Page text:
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•make your fridays matter with a well-read weekend
by Meghna MehtaPublished on : Apr 30, 2020
Spotlighting the context of its native flora as the name suggests, the last building of the Botanicca Corporate Park scheme at the edge of Swan street in Melbourne, Australia, has now come to life. Taking inspiration from the indigenous vegetation of the area, specifically the river red gum trees, Australian architecture firm Gray Puksand has weaved this natural context subtly into the building.
Botanicca’s newly designed and opened Building 3 builds upon the established precinct, and attempts to narrate a story of its immediate environment while reminiscing the green-scape that existed over 200 years ago. The two-tower design concept for Building 3 draws upon the master-plan by respecting the original urban design solution and adding a new urban edge to the estate that fronts Swan Street.
The building’s slender appearance with the skin of perforated cladding of sun breakers enables the seamless penetration of daylight into the spaces connecting it to the surrounding parkland. “Our solution leverages the wonderful position that Botanicca has in the inner-city of Melbourne,” says Gray Puksand partner Nik Tabain. He adds, “The design provides two separate towers with large floor plates, designed strategically to grant all access to the surrounding views.”
The forms of the two towers have been designed such that it appears that they are subtly peeling away from each other, while articulated as a connected pair. The two structures have a clear break in their massing that produces a scale creating a landmark-like position of the building. This also contributes highly to the urban design presence.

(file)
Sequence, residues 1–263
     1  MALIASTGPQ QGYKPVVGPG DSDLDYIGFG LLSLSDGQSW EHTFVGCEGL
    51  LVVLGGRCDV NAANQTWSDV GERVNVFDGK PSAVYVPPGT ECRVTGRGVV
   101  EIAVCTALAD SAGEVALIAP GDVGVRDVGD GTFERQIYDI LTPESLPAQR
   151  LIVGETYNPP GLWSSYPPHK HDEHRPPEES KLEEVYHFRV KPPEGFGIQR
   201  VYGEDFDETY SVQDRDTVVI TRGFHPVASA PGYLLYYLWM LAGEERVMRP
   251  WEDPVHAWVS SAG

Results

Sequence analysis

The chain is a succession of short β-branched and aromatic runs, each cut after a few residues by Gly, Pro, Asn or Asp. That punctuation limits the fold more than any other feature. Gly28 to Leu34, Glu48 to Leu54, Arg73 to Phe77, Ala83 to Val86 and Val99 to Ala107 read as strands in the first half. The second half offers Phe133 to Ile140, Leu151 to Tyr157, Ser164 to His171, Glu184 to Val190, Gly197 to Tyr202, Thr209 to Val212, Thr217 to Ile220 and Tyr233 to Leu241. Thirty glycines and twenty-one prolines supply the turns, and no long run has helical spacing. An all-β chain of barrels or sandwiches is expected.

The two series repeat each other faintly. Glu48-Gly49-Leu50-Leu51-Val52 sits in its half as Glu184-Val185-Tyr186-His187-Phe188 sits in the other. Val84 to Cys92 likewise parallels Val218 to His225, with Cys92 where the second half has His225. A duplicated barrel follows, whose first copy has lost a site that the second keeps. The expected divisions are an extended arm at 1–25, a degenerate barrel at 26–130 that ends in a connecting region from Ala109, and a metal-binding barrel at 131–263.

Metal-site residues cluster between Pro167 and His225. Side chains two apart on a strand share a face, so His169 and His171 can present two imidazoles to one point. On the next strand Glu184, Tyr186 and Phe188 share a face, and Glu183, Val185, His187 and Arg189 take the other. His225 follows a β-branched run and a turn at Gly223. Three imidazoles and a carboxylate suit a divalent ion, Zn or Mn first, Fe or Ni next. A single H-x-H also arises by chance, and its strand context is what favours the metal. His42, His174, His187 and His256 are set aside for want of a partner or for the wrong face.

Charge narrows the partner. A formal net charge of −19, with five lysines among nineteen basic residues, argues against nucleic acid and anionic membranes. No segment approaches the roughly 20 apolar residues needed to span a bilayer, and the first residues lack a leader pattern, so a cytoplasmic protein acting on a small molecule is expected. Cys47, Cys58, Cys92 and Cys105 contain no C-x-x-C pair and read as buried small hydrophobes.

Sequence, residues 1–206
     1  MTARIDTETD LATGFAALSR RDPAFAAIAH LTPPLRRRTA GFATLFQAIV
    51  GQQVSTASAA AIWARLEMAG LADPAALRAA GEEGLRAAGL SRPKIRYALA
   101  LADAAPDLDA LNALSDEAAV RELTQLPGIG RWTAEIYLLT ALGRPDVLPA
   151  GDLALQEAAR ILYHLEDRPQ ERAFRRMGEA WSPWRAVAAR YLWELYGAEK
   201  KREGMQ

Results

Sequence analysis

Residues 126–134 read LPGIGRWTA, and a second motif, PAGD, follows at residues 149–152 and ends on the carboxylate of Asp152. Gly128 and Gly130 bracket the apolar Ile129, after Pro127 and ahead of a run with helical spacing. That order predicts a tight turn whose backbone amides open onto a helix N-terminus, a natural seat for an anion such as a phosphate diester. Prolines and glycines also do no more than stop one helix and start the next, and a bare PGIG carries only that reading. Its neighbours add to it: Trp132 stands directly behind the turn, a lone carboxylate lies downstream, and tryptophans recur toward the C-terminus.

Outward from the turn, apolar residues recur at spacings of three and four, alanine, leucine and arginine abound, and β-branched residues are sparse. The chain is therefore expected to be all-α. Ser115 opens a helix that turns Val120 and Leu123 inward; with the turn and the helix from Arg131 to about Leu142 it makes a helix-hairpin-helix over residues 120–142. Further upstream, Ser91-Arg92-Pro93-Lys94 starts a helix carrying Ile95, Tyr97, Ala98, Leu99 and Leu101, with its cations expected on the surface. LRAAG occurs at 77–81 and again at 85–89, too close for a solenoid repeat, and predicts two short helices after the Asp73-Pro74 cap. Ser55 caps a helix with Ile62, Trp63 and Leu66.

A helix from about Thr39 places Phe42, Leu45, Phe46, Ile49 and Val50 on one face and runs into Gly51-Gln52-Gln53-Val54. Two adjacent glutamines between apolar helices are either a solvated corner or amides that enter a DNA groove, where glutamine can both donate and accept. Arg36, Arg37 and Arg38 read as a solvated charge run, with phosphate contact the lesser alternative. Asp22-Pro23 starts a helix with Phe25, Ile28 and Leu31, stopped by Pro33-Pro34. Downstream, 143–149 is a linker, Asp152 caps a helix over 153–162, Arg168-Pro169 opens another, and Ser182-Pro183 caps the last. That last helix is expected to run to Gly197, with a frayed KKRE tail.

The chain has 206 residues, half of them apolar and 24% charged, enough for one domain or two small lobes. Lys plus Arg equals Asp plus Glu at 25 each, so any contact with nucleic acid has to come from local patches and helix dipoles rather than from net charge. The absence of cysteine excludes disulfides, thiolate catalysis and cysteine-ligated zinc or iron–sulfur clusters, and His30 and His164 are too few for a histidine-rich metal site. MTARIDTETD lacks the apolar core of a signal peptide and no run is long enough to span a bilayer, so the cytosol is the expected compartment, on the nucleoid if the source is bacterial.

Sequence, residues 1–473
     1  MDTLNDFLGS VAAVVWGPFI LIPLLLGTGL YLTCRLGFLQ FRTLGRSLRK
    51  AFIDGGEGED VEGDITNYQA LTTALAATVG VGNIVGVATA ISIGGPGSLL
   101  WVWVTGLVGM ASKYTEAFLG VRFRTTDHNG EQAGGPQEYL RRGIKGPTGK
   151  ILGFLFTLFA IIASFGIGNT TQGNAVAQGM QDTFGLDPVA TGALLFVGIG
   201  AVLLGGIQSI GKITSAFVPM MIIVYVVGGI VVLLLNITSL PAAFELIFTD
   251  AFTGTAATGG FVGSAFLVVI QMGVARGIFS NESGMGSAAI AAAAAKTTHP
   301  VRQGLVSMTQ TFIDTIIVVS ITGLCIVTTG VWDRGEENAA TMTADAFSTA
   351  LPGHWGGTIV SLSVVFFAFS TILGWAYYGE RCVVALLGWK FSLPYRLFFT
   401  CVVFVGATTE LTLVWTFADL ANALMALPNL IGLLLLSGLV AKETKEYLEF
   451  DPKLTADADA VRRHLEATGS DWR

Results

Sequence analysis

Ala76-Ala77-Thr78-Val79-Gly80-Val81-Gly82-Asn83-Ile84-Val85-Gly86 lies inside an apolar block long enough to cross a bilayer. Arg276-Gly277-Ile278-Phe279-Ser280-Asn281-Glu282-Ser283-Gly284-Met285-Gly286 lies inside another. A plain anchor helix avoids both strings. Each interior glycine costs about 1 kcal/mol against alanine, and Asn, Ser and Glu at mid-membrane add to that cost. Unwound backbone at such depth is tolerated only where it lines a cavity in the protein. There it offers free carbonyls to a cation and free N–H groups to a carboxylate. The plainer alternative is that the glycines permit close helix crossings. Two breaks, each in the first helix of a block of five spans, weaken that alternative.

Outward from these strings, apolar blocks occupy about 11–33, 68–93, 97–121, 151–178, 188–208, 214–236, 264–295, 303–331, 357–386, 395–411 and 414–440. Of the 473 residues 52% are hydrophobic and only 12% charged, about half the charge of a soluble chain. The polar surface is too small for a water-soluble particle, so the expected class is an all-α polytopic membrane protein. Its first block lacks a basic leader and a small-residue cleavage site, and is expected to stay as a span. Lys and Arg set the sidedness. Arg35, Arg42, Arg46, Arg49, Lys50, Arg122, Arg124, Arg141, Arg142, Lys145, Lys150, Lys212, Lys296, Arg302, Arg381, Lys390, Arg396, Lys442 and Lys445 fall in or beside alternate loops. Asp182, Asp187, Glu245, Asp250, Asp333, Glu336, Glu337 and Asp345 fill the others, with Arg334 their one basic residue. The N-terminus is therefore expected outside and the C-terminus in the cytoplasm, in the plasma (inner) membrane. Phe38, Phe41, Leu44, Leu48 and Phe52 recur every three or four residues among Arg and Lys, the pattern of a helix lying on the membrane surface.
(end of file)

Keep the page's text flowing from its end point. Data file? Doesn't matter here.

The most visually appealing aspect in the entire design, which makes the building stand out, becomes the perforated skin that the building has been clad with. The design of Botanicca has been sensitive to its natural environs considering the human experience, especially the river red gum trees and an existing scar tree. “Colours that are found in the river red gums are used to provide a multi-coloured and multi-faceted façade. We aim to bring back to the site the colours that existed over 200 years ago,” says Tabain.
The coloured, perforated sunshades and their support systems inspired by the native flora in the area become the uniform architectural vernacular across the towers. The health and wellbeing of its occupants are of utmost importance, hence there has been a keen focus on internal air quality, natural ventilation and sunlight.
Softening the Swan street front façade and creating an appeal was also believed to be critical to the success of the project. Steve Lee, Manager for the developer Growthpoint, says, “Existing buildings within the park are inward facing, ignoring the public realm. This site provided an opportunity to activate Swan Street and contribute to the urban realm. Hence, a series of relationships were considered for the frontage: between people and place, people and planet, and people and other people.”
The space between the two towers has been used as an area of activity for the building’s occupants while the rooftop has a garden and a half-size basketball court. A detailed double-height ground floor lobby is open to the Swan street through the day as well as the night, with appropriate lighting to emphasise the space.
Taking inspiration from the local flora, respecting its urban realm and growing landscape, the building sits within the existing master-plan to not only interact with the surrounding through a porous skin but also provide a landmark of a building for commercial services.
Location: Melbourne, Australia
Project size: 22800 sqm
Completion date: 2020
Architect: Gray Puksand
Project management: SEMZ Property Advisory & Project Management
Leasing: Colliers International Australia and JLL
Builder: Hacer Group
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